Kioptrix: Level 1


The VM can be downloaded from here:,22/

I had to modify the virtual machine configuration file BEFORE I open up the VM in VMWare Player. So, right click on it and open in Notepad:

After that, do a search for “Bridged” and change it to “NAT”

This will allow the IP address to be automatically assigned appropriately.


Let’s start with a netdiscover scan from our Kali box to see what the IP is of our new machine:

netdiscover -r

We’re going to assume the box is our target machine.

Nmap Scan

Starting with a very basic nMap scan, nothing too fancy: nmap -sV


Since this box has port 80 and 443 open, we’ll start by navigating to our web browser and going to the IP address:

Nothing exciting to look at here. Let’s dig a little further


We see from our nmap scan that port 139 is open, which we know is used for SMB. Samba has some vulnerabilities, so let’s see if we can determine the exact version of Samba running on the target machine.

We’ll start with enum4linux to see if we can gather some more information. Let’s use the command enum4linux -a

Once the scan completes, we see a wealth of information. If we scroll down to the OS information box, we can see there’s nothing helpful in there.

Ok, so onto the next tool. Let’s try smbclient with the command smbclient -L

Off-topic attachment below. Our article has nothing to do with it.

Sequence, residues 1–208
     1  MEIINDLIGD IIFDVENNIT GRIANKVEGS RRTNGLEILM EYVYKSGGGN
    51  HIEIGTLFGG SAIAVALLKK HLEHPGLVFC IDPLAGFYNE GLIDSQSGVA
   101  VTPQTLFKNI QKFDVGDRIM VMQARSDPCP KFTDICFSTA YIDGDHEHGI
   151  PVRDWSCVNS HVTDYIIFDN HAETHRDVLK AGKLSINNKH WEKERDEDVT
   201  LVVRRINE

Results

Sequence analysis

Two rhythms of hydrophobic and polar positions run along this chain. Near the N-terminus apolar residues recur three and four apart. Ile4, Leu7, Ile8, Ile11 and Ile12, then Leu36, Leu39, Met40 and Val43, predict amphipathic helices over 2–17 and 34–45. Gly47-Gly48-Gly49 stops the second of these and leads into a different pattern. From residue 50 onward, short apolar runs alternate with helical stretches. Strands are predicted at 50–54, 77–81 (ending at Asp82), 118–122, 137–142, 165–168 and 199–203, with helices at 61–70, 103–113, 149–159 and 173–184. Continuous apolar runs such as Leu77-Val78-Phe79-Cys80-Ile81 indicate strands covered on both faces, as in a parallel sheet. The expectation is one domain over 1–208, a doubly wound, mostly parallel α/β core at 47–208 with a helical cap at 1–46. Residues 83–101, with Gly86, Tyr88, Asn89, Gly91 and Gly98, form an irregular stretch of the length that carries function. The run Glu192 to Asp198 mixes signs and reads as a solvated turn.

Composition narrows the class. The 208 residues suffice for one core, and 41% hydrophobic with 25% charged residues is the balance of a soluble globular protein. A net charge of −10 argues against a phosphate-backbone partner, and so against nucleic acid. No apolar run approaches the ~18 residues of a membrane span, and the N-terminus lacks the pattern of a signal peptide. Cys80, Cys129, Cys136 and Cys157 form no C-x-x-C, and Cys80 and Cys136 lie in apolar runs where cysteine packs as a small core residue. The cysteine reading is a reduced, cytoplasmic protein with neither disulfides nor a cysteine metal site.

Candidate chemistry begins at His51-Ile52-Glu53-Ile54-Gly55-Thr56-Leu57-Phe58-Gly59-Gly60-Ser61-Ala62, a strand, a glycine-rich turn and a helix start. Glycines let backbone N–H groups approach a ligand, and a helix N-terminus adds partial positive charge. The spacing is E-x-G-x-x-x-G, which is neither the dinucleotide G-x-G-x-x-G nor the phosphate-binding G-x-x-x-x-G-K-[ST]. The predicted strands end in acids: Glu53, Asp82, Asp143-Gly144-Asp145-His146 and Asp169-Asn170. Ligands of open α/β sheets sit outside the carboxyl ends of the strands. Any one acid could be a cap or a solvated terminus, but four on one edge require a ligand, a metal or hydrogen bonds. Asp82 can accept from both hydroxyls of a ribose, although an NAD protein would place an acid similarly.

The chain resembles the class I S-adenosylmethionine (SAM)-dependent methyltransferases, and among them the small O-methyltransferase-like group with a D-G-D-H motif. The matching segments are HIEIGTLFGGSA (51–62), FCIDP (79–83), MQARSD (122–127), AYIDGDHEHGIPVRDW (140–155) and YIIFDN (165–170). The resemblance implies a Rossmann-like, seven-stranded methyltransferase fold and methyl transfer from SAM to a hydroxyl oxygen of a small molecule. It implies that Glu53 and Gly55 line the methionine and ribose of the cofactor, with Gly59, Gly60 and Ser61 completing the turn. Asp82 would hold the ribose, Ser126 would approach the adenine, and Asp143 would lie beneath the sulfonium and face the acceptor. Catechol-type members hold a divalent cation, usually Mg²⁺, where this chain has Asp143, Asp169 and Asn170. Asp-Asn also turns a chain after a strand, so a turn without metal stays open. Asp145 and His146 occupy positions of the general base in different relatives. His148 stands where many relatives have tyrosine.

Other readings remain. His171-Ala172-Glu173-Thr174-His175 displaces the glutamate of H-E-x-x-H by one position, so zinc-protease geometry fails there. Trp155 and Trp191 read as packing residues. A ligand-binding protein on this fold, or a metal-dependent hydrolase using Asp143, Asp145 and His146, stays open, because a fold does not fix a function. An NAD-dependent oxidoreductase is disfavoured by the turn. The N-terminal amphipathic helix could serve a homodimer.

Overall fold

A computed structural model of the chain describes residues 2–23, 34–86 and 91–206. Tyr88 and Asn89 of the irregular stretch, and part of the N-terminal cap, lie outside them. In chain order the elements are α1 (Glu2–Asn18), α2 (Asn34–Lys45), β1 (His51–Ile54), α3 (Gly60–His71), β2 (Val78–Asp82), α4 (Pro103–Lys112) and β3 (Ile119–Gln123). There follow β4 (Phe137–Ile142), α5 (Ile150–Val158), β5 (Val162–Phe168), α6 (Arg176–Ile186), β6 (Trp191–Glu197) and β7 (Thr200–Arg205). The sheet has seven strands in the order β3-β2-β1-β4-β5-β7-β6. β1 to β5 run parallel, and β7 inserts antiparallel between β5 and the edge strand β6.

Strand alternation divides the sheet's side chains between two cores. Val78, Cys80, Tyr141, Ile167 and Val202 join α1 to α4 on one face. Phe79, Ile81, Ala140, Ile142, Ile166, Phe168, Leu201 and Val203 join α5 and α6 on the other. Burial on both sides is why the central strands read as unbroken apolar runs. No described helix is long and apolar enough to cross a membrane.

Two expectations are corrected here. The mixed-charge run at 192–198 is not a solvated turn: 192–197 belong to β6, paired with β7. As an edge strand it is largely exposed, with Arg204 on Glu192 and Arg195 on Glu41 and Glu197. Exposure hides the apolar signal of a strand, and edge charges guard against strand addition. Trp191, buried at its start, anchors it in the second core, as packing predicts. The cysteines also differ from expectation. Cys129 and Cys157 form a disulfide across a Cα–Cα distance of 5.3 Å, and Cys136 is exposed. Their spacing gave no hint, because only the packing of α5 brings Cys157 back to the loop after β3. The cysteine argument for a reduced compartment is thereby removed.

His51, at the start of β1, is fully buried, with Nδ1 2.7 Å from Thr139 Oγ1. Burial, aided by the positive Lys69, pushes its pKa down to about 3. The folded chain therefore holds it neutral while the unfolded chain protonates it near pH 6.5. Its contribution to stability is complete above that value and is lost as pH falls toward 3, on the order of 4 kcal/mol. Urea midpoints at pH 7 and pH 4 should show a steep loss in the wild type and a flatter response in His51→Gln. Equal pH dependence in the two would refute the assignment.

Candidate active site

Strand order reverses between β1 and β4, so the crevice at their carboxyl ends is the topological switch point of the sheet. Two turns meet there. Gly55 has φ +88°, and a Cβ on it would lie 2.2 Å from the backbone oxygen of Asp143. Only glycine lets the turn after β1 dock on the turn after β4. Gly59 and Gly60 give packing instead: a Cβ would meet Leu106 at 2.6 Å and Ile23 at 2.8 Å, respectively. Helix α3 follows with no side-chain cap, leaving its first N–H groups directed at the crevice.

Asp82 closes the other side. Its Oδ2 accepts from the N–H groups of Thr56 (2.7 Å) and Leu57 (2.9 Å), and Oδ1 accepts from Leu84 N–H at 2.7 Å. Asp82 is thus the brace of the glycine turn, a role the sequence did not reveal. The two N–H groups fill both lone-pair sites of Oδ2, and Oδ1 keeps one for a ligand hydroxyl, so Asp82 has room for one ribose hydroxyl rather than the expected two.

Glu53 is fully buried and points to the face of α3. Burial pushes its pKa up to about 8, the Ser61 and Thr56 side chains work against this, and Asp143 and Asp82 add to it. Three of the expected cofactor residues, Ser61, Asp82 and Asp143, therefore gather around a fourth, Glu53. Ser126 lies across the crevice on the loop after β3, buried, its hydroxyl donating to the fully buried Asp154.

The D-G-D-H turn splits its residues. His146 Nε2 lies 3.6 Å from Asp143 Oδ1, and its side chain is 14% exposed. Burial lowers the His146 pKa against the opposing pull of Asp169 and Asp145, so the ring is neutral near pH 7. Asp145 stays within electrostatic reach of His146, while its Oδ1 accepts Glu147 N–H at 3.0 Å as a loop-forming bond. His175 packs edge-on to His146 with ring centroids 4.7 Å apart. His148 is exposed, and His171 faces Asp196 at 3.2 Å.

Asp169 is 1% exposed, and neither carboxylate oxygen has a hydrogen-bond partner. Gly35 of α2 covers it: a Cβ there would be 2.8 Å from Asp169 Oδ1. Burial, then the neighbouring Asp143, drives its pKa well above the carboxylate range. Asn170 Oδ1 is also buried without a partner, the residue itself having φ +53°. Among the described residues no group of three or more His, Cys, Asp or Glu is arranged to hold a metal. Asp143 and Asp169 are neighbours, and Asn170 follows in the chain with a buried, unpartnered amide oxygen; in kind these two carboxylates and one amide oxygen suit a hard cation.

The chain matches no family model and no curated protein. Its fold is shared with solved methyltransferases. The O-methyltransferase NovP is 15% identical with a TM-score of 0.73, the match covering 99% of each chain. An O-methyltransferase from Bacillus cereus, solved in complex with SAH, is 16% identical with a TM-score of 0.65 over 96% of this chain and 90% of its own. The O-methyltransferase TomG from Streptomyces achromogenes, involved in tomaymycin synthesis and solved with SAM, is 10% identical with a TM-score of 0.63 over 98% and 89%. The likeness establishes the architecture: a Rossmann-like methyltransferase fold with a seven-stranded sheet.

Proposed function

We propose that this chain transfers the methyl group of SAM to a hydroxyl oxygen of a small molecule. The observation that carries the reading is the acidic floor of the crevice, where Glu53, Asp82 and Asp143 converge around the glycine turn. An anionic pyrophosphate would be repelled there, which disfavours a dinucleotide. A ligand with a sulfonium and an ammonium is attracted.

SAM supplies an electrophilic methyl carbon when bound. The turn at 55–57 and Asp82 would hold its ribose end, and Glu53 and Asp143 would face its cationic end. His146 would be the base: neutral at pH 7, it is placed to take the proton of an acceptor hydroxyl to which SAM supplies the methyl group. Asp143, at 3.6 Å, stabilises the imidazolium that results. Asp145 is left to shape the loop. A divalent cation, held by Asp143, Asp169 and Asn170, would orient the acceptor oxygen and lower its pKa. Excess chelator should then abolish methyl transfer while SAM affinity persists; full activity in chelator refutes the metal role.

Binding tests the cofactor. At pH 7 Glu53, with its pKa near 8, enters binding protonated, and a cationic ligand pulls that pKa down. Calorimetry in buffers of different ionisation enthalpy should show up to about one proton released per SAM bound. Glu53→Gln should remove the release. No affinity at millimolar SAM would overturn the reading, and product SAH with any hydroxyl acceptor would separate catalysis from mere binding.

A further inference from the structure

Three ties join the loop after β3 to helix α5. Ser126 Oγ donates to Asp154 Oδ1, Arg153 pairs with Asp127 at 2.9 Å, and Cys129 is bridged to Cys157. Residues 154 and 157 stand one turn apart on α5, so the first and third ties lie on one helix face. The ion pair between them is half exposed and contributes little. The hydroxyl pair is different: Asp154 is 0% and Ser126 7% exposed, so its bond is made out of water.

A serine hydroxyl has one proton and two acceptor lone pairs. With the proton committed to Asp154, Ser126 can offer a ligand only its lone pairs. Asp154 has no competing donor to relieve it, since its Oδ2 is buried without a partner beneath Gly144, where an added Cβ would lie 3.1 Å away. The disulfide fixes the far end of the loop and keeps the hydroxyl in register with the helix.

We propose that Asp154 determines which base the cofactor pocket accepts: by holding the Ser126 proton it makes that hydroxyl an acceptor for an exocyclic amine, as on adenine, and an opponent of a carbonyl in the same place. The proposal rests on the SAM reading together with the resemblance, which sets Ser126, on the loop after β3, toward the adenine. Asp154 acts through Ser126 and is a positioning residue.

And still nothing. Let’s move to the nMap scripting engine and see what we can discover: nmap -p 139 –script=smb-vuln*

Now we are getting somewhere. While we don’t get the exact Samba version, we do get the CVE number. Looking at this, though, it says that it’s affiliated with Microsoft, and is a Windows exploit. If we re-do our initial nMap scan with the -A flag, we find out that our target machine is running Linux, so we can scratch that exploit off the map.

Out of desperation, I took a chance and ran this exploit:

It works great on any version of Samba less than 2.2.8, and since it’s super easy to run. First download the exploit with this command: wget -O samba-exploit.c

  • -o specifies to output a file

Getting root is trivial at this point, provided the script works and the Samba version on the target machine is vulnerable to our exploit. First we need to compile our recently downloaded script with this command: gcc samba-exploit.c -o samba-2.2.1a-exploit

Next, we run the exploit: ./samba-2.2.1a-exploit -b 0

  • We get the -b 0 from the script itself, which indicates using a 0 for bruteforce.

After execution, a simple whoami and pwd indicates that everything worked.

Back to HTTP

Let’s say we didn’t want to roll the dice on the Samba exploit, since we weren’t positive what the version of it was. Lets look back a bit.

Looking at the initial information for port 80, we see that OpenSSL is running 2.8.4. There’s an exploit for it, but it takes some tinkering with the code, more than I have time to do right now. Perhaps later.

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